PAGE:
One of the cliched things that well-meaning people say to PhD students is that it’s important to remember that the PhD is ultimately an exam with specific criteria for passing. These criteria are fairly consistent across university systems, but also include quite a lot of subjective judgement. For instance, who decides whether a contribution is ‘original’ or ‘significant’? The simple answer is: your examiner.
Last month there was a workshop here at The Open University (UK) for PhD supervisors and examiners. Because our team were in Cape Town attending OE Global and running the annual GO-GN seminar it wasn’t possible for us to go. However, the organisers have kindly shared the materials from the session. These are likely to be of interest to all PhD students who wish to get a better understanding of how the examination process works.
- Lovitts (2007) What is a significant contribution?
- Lovitts (2007) Understanding dissertation quality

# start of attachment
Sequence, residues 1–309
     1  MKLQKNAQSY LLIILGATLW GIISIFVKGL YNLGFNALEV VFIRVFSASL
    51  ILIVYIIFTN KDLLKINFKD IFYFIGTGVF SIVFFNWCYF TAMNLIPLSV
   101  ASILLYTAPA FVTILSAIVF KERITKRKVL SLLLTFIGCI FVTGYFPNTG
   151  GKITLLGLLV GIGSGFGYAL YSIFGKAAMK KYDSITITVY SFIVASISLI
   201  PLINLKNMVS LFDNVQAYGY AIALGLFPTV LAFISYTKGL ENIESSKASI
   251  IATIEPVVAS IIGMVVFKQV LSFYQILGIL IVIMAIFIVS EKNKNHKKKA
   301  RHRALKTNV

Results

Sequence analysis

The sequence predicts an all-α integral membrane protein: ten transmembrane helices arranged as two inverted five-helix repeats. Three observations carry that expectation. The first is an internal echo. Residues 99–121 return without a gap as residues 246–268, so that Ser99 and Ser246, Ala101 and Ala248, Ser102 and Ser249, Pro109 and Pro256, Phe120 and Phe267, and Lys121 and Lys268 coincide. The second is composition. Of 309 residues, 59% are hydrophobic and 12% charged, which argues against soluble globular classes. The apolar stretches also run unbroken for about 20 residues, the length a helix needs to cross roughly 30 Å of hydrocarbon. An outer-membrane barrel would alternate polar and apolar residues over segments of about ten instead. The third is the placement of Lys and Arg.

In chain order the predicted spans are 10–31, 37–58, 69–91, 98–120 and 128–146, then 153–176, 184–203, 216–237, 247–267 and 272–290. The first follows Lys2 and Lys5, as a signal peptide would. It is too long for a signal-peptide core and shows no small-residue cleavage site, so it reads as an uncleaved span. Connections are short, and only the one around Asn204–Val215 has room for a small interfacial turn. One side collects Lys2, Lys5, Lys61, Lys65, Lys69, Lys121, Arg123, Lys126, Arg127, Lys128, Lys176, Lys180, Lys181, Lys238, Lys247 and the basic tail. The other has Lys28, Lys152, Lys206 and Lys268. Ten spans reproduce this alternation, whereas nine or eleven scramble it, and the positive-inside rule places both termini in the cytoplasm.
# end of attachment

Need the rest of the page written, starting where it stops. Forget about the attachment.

- Lovitts (2007) What is an original contribution?
- Moses (1985) Reading the Drafts
- Research Supervisors Forum (The Open University, UK) – Expectations and preparing for examination
- Research Supervisors Forum (The Open University, UK) – Supporting students during the writing up phase
- Faulkner (2017) Supporting Students During the Writing-Up Phase
The specific examination requirements of individual institutions can vary, but the underlying principles are pretty consistent across institutions. It’s worth trying to read your own work from the perspective of an examiner, and also worth thinking about whether your supervision is meeting the standards described in these documents.
Please note that these materials are provided ‘as is’ and for information only. Feel free to discuss them below!